Background: Globally, stress in student nurses may have serious implications for health, absenteeism, and attrition. Despite this, there is scant research on student nurses' attitudes toward help seeking. Objectives: To examine student nurses' attitudes toward stress and help-seeking. Design Methods and Statistical Analysis: A cross-sectional questionnaire survey design was employed to gather data from 219 student nurses at two large U.K. universities. Two-sample chi-square tests and Fisher's exact tests were used to analyze categorical associations between responses. Results: Most had experienced stress before, believed the incidence within the profession was high, and would disclose their own stress to family/friends rather than to colleagues or professional institutions. The most popular outpatient treatment choice was social support; few would choose formal advice. The most common factor influencing inpatient treatment choice was confidentiality; for many, this factor would also lead them to seek distant rather than local inpatient care. Encouragingly, most would not lose confidence in a stressed colleague. Conclusions: Negative attitudes toward stress and help seeking may be entrenched even before training and may have a marked influence on how/whether students seek help. Nurse employers and educators should foster more supportive and accepting attitudes toward stress in order to tackle its unwanted consequences.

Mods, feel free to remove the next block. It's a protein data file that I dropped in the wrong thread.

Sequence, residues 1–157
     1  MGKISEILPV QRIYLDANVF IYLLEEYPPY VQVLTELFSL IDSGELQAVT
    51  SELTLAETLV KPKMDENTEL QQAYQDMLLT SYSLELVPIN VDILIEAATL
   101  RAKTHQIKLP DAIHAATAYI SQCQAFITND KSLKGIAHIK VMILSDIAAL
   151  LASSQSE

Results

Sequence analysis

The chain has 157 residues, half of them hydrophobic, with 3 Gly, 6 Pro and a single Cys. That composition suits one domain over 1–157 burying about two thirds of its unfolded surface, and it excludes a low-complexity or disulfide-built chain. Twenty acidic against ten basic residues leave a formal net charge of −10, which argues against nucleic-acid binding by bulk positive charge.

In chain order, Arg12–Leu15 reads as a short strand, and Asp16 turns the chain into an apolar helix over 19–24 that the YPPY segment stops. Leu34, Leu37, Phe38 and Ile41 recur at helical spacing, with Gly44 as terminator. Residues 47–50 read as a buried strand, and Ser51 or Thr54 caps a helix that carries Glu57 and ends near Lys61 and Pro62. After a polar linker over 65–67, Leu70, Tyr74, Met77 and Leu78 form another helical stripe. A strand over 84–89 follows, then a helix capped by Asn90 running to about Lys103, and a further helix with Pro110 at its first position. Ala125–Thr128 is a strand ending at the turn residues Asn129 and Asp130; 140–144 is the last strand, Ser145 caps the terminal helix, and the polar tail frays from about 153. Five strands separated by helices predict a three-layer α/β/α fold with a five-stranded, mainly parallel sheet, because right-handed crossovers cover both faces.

Bibliographical noteThis is the pre-peer reviewed version of the following article: Galbraith, N.D. , Brown, K. and Clifton, E. (2014) A survey of student nurses' attitudes toward help seeking for stress. Nursing Forum, volume 49 (3): 171-181, which has been published in final form at http://dx.doi.org/10.1111/nuf.12066.
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